By: David T. Vanalek, Esq., Claims Chief Operating Officer at Markel
Early on in my professional career, I was very fortunate to be surrounded by those who took an avid interest in my development - a high school speech and debate coach, a sitting jurist, and an elected official. It wasn’t clear to me at the time why I may have peaked their interest, as I certainly did not feel that I warranted their limited time or undivided attention. However, after these many years, things are more lucid: we in our respective professions have a moral duty to mentor the next generation of leaders in our industry, and we should do everything we can to support the growth and development of those who have the desire and passion to take all of us to new heights and unchartered waters.
As such, over time, I’ve been fortunate to serve as a mentor for many in our profession – sharing those lessons I learned at an early age. I offer the following lessons to you, so that you may profoundly and positively impact those around you:
I first joined the speech and debate team in high school to overcome my fear of public speaking. I hated awkward silences, and was under the false impression that talking more helped the situation. My first mentor- a speech and debate coach- taught me this was not the case. She told me that active listening, and not just hearing others, was a predicate to true understanding and formulating a cogent response. The lesson carries over to the mentor relationship. As Coach John Wooden once noted, “[w]e’d all be a lot wiser if we listened more … not just hearing the words, but listening and not thinking about what we’re going to say.”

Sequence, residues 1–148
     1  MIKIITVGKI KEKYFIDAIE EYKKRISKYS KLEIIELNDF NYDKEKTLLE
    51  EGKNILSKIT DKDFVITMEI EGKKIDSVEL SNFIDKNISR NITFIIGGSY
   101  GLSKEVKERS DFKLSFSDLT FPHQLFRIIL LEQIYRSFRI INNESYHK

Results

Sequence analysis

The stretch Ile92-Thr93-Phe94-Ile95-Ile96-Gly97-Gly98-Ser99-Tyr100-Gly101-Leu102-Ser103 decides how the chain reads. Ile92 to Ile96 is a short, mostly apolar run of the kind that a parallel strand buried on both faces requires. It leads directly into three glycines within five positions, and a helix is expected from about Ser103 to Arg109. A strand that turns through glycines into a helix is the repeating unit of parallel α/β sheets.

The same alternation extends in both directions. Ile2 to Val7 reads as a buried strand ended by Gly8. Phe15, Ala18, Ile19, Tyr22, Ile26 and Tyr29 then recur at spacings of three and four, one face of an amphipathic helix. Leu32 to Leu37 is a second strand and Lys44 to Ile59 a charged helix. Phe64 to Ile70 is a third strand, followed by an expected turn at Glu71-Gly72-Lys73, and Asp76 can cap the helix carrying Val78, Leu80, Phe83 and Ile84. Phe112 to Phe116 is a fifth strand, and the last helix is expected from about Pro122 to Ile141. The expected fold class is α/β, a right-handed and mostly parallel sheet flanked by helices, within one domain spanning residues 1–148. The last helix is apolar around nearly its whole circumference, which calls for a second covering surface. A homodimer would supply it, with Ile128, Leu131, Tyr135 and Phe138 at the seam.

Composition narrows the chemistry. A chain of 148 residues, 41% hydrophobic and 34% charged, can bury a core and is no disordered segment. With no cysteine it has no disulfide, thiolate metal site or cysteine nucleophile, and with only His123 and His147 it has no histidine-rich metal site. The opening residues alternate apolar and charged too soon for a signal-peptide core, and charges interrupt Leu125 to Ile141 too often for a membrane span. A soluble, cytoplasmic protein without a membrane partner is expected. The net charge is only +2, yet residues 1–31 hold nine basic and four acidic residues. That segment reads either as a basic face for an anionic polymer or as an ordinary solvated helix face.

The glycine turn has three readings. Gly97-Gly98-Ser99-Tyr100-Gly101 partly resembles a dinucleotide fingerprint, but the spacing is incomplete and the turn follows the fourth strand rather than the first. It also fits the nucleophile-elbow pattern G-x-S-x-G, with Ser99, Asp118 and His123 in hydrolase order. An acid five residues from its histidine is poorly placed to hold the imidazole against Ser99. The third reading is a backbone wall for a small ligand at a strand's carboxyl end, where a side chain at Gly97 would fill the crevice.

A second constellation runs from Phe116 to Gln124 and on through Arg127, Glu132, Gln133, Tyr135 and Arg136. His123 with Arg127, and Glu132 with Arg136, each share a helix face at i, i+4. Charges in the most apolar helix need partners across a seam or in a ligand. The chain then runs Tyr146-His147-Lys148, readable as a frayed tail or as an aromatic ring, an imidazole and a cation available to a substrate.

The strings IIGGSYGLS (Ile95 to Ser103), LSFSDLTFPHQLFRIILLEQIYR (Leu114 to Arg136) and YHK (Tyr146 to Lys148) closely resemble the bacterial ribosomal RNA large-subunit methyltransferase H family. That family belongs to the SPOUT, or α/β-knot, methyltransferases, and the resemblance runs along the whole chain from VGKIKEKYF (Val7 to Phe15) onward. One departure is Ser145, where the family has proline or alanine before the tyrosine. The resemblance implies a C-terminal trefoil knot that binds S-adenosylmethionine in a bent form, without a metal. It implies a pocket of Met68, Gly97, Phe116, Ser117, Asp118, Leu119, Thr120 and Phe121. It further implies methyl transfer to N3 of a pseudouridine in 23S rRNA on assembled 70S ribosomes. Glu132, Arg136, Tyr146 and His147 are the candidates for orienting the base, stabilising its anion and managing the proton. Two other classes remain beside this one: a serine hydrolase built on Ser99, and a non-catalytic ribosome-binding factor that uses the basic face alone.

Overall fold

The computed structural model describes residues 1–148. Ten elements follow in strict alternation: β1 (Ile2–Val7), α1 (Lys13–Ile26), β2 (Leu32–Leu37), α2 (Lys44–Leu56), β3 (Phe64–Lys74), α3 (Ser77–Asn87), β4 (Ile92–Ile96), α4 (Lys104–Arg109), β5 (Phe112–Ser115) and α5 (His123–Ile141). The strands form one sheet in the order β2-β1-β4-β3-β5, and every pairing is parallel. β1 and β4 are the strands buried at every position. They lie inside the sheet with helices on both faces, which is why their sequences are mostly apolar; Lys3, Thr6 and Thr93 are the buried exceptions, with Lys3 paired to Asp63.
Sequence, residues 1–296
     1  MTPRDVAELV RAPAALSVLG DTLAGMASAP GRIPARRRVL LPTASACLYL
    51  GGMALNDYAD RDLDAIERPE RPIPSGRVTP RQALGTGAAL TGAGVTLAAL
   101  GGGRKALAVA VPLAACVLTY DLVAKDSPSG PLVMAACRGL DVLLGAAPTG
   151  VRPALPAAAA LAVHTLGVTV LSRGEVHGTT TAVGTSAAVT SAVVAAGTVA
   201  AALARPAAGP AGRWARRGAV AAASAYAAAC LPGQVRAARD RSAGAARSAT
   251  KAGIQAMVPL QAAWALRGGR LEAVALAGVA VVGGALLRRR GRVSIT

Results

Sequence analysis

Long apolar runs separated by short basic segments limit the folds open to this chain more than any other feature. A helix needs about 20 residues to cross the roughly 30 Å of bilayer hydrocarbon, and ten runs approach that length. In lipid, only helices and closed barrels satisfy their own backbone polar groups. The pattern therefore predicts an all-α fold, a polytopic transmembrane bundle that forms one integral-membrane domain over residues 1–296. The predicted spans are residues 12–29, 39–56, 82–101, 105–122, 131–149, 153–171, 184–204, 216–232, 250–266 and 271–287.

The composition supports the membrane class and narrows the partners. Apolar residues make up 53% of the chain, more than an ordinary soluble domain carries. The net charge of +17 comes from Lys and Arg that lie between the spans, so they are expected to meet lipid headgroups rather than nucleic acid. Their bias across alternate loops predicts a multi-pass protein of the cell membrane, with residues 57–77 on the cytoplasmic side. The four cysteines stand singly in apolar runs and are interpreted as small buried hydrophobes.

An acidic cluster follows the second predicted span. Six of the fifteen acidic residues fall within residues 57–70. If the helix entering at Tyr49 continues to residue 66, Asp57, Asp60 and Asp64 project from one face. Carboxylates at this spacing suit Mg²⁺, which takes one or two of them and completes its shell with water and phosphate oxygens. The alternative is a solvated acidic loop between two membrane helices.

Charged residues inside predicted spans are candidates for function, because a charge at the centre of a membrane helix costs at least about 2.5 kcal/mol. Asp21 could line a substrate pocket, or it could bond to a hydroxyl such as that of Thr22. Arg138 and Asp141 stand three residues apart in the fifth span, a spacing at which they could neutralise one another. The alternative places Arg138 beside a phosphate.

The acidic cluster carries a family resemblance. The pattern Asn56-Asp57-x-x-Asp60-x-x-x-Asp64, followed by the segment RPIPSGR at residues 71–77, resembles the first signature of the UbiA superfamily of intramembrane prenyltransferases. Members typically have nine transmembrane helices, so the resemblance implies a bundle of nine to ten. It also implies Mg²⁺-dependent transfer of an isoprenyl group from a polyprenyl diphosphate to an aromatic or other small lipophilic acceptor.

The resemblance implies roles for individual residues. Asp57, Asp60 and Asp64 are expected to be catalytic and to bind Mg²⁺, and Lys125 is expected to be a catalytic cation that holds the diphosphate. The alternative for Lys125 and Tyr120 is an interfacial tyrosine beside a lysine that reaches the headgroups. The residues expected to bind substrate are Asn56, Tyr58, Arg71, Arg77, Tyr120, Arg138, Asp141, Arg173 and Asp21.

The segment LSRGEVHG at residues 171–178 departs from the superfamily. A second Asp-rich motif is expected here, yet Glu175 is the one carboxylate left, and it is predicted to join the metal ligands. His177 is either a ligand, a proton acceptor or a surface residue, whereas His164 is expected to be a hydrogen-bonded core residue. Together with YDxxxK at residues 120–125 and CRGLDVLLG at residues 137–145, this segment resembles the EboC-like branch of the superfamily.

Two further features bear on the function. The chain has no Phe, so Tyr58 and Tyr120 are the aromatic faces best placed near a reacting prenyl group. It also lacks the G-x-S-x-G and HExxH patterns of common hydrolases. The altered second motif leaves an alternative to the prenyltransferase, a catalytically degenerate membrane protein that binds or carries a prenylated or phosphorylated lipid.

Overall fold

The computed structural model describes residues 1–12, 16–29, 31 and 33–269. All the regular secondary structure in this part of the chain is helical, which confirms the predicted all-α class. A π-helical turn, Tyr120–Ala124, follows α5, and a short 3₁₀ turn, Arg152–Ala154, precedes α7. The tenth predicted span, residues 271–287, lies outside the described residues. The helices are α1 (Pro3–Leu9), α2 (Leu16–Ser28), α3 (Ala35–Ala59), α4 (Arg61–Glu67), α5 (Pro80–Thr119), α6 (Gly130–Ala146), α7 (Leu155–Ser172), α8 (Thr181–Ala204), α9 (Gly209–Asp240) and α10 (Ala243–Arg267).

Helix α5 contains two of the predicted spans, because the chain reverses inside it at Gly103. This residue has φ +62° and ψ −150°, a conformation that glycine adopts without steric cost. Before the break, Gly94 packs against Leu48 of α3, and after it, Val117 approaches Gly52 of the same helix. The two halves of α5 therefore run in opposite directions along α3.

A great mentor is not one who pontificates ad nauseum about a particular topic that suits his fancy. Rather, a truly profound mentor spends most of her time listening to her mentee, and deeply understanding those areas where she can provide guidance and support.
I had a wonderful opportunity in law school to serve as a judicial extern for an associate justice of our highest state court. On my very first day on the job – eager and curious just like any of us would be - I asked the justice, “So, what can I do?” She kindly smiled at me and sagely advised ‘’wrong question- what do you want to do?” As I sat there and pondered, I knew I wanted to do more than draft legal memos – I wanted to make recommendations to her on important matters coming up before the highest court. Incredibly, she made it happen.
A truly great mentor recognizes that for one to grow professionally or personally, one cannot direct or explicitly instruct others. Rather, he is infinitely curious, and asks multiple questions to guide the mentee – allowing them the opportunity to discover their true desires.
Right after college, I had the pleasure of learning from the head of a state organization responsible for, among other things, making clemency recommendations to the governor’s office for inmates. While this was an entirely new area for me and I was outside my comfort zone, he wanted my opinion and recommendations, along with those of his staff, to arrive at the best decisions. He shared with me that he wanted my untarnished views, because ultimately, it was the public who he served. Since then, I’ve identified and afforded opportunities to others to serve in similar, objective roles.
A terrific mentor recognizes opportunities to expose her mentee to new ideas and ways of thinking to not only avoid blind spots and groupthink, but to arrive at better decisions and courses of action for the broader organization. In the process, the mentee develops new skillsets and experiences that will transcend into other areas during the course of his career.
While there are many other key lessons to being a great mentor, the three above – actively listen, ask questions, and identify opportunities – are the cornerstones to starting a great mentoring relationship with our next generation of leaders. Try it out – you’ll be glad you did.
For more information about careers with Markel, check out https://www.markelcorp.com/careers